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Friday, July 9, 2010

Making the Treasure Valley Sustainable

The word “sustainable” is heard everywhere these days. Are our farms sustainable? Our cities? Our transportation system? Our lifestyle?

Many organizations have been working on sustainability issues for many years. The federal government has now joined the clamor by advocating for sustainable communities through a series of grants designed to assist areas in developing regional sustainability plans, and when those plans exist, assist regions in implementing them. In addition, the ability to demonstrate that a region has a viable sustainability plan, or a commitment to fulfill livability principles, is already appearing as a requirement for federal grant funds and likely will remain so in the future.

This is an exciting and challenging time for COMPASS. As the regional council of governments for Ada and Canyon Counties, our work has mainly focused on transportation planning and its nexus with land use. While these are elements of sustainability, they are certainly not the only components.

So, what does make a region sustainable? There are many different perceptions and definitions of sustainability. The U.S. Department of Housing and Urban Development defines a sustainable community as:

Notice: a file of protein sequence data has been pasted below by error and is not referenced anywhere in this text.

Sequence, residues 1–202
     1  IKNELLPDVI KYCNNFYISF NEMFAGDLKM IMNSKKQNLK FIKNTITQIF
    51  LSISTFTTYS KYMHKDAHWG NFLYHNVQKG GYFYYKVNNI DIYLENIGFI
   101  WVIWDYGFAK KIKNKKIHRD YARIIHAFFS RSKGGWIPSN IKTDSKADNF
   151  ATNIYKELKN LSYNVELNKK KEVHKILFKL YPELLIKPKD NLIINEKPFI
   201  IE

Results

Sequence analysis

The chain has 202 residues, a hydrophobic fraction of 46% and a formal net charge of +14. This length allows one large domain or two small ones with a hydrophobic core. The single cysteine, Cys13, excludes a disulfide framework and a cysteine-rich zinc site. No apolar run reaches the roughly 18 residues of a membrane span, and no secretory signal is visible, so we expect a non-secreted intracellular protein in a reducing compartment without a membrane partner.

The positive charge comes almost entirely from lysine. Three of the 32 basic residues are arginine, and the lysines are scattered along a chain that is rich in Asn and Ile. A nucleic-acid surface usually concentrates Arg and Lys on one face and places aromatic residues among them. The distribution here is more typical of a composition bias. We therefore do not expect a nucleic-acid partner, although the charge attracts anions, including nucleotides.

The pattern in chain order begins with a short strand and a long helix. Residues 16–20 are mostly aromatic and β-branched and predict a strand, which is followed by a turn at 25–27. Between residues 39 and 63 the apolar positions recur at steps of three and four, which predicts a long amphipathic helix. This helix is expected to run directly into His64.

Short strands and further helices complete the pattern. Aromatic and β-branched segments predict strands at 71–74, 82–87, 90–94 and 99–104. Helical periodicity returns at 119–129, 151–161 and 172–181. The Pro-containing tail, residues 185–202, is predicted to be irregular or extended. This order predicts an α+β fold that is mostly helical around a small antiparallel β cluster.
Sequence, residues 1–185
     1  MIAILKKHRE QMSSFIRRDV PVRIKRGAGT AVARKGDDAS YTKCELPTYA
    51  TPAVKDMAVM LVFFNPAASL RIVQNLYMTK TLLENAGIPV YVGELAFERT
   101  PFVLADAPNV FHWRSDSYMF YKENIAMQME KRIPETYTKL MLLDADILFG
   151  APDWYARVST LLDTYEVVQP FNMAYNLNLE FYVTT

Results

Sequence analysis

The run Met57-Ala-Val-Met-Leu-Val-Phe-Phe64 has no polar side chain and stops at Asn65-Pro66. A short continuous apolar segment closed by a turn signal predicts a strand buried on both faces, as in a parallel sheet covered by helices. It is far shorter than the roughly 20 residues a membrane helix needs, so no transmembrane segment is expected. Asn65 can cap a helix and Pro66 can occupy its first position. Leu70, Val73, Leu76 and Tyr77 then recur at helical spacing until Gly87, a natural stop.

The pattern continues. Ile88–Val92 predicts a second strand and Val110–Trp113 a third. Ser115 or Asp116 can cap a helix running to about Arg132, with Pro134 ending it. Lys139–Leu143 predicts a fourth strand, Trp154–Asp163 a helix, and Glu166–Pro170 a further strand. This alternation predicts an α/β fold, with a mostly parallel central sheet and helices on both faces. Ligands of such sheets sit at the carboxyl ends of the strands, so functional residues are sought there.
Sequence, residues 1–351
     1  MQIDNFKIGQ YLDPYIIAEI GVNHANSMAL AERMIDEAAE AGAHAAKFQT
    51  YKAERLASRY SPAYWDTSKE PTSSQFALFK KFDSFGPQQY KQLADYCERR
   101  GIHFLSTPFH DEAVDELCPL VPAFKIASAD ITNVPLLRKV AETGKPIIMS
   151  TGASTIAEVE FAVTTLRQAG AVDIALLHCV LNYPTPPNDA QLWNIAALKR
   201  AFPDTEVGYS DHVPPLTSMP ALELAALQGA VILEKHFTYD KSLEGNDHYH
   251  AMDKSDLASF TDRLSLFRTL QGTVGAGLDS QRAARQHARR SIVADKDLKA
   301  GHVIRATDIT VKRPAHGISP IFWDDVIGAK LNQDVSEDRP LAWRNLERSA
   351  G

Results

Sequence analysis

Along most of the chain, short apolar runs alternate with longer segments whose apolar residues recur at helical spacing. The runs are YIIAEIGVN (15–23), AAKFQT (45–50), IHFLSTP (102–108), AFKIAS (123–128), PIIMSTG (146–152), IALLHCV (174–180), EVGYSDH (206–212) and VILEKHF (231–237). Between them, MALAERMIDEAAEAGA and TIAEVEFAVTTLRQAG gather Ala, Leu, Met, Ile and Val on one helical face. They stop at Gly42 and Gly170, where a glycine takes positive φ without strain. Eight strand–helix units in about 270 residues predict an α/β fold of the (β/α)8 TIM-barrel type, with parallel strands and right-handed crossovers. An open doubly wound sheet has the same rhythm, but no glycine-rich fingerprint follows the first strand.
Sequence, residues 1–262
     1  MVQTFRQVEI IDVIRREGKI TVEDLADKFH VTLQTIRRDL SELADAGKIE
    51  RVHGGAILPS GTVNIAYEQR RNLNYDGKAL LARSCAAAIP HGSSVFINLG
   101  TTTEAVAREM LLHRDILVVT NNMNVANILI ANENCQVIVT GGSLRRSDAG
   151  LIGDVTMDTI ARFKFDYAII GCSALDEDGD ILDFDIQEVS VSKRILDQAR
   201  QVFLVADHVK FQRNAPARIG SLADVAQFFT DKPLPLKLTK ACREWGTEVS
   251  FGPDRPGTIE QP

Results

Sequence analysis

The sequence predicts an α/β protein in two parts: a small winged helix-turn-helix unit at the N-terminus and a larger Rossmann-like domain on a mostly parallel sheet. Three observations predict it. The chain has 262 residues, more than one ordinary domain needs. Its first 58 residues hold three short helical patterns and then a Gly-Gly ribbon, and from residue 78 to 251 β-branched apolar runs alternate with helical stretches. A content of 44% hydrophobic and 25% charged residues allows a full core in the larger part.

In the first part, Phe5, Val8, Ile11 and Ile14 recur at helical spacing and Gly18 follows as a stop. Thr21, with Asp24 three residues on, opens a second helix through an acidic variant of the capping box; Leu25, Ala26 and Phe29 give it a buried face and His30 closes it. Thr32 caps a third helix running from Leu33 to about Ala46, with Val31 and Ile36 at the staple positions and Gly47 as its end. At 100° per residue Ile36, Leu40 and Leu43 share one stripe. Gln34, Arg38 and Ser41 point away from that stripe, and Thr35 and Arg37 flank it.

Urban, suburban, and rural places that successfully integrate housing, land use, economic and workforce development, transportation, and infrastructure investments in a manner that empowers jurisdictions to consider the interdependent challenges of: 1) economic competitiveness and revitalization; 2) social equity, inclusion, and access to opportunity; 3) energy use and climate change; and 4) public health and environmental impact.

As we look to the future, it is clear that these concepts of sustainability are where we need to focus. To that end, COMPASS will be working closely with members of the housing, economic development, health, environmental, and energy communities, as well as with our member agencies and others, to jointly develop a regional sustainable vision and plan for the Treasure Valley.

This work is just beginning…right now we don’t know where it will take us, but we are excited to help create a more sustainable Treasure Valley for everyone.

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Community Planning Association of Southwest Idaho

COMPASS is the designated Metropolitan Planning Organization responsible for transportation planning in Ada and Canyon Counties. The COMPASS Board comprises 39 members representing the cities, counties, highway districts, educational institutions, state agencies, and other entities within the two counties. COMPASS plays an important role in making decisions about future long-range transportation needs in the Treasure Valley, taking into consideration environmental and economic factors that affect the quality of life.